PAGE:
Highway 64: New Mexico

Ship Rock at sunset

Ship Rock, at the northwestern tip of New Mexico, is sacred to the Navajo people and prized by travelers on 64. In its shadow, Highway 64 reaches the end of its journey ... or the beginning.

Highlight: Taos Pueblo

Hidden Treasure: Cumbres and Toltec Scenic Railroad

Links

Video: End of the Road (QuickTime, 880K)

New Mexico

The westernmost state on 64’s route brings a change of scenery for travelers who have stuck with the road since its beginnings. Southwestern colors and textures take over the land and plant life as the road rekindles its friendship with the mountains. 

The dinosaur theme that started at Black Mesa continues at Clayton Lake State Park. Imaginative paleontologists have done their best to decipher the dozens of footprints that crosshatch an ancient creekbed here. Visitors can themselves attempt the mental gymnastics involved in guessing where a particular dino hesitated, decided which way to turn, then set off with its tail acting as a balancing aid.

Thanks to its National Monument status, Capulin Volcano draws crowds of visitors. The windy walk around the crater puts the dormant volcano in perspective; cows graze and ranchers make a living on land marked by ancient lava floes.

Watch for coyotes and cop cars on the next stretch of the road. The Sangre de Cristo mountains are pulling 64 toward Taos, but there’s still more to see. In Cimarron Canyon State Park, the air smells like evergreens. In Eagle Nest, a memorial honors Vietnam veterans. Aspen trees line the road as it climbs, then descends into Taos Canyon.

Taos draws skiers, artists, eccentrics, and, during the week of my visit, motorcycle enthusiasts. The bikers raised the volume level of this quiet, inspiring town, not to mention the room rates. Fortunately, they had roared off into the sunset by the time I headed through Taos on the way back east.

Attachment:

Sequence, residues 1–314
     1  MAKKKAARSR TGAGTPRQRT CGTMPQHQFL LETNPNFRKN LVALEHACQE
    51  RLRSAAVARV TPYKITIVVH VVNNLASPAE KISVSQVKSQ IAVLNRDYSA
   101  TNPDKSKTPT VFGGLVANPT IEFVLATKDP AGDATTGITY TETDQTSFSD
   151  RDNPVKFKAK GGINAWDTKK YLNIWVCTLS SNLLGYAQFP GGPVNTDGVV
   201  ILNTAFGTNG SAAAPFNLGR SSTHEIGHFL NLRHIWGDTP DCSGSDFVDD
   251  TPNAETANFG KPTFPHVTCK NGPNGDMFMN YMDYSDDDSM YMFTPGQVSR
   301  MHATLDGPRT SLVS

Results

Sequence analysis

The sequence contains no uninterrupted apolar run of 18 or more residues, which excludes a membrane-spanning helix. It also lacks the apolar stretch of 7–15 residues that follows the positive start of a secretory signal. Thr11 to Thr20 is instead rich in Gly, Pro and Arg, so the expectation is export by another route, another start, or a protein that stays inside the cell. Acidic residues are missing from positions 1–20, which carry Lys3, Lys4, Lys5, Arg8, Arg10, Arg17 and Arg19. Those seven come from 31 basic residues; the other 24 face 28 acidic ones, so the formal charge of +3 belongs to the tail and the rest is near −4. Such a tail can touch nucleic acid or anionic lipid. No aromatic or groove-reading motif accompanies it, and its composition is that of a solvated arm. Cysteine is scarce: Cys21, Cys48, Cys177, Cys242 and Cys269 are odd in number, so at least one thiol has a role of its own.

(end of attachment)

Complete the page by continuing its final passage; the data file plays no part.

For one of the most authentic brushes with history on all of 64, step inside the walls of Taos Pueblo, where Native Americans maintain their ancient ways. The buildings remain as smooth and photogenic as they were when Georgia O’Keefe came here to paint. Inside the cool clay rooms, vendors sell snacks and high-quality handicrafts. The pueblo chapel presents the merging of ancient religions with Catholicism.

On its way west, 64 crosses the Rio Grande, here a muddy ravine traversed by a trembling bridge and surrounded by hippies selling trinkets. Hippies live all over the place, some of them in bizarre eco-friendly dwellings that look like 21st-century updates of the sod houses back in Oklahoma.

Back in the mountains, 64 passes through the mountain town of Chama, the embarkation point for the Cumbres and Toltec narrow-gauge scenic railroad. A lack of state funding delayed the train’s season in 2003; check for availability in future summers. I placed a geocache near the station. Chama also attracts fishing enthusiasts from everywhere. One woman, a widow and mother of 11 from New Jersey, told us that fly-fishing was the sole reason she moved to Chama.

The 13,000-acre Navajo Lake offers more recreation opportunities near the town of Dulce, capital of the Jicarilla Apache reservation. Around here, rocks start appearing in formations worthy of Coyote and Roadrunner cartoons. The granddaddy of them all, of course, is Ship Rock, the final landmark before 64 crosses into Arizona and ends.

Before that, though, visitors would be foolish to skip two sites of cities built by the mysteriously lost Chaco people. One of them, Chaco Culture National Historical Park, lies well off 64, about 30 miles down U.S. 550 and another 16 down an unpaved side road that feels like corrugated tin. Still, it’s worth the drive, because the Chaco legacy remains. Archaeologists don’t know why the Chacoan people flourished for a few centuries, then departed. They left behind intricate buildings, some five stories high, arranged in arcs and spotted with ceremonial kivas.

Chaco ruins are also on view at Aztec Ruins National Monument, located just a few miles off 64 in the town of Aztec. This partially reconstructed site is much more accessible, making it good for people physically unable to enjoy the Chaco Culture park.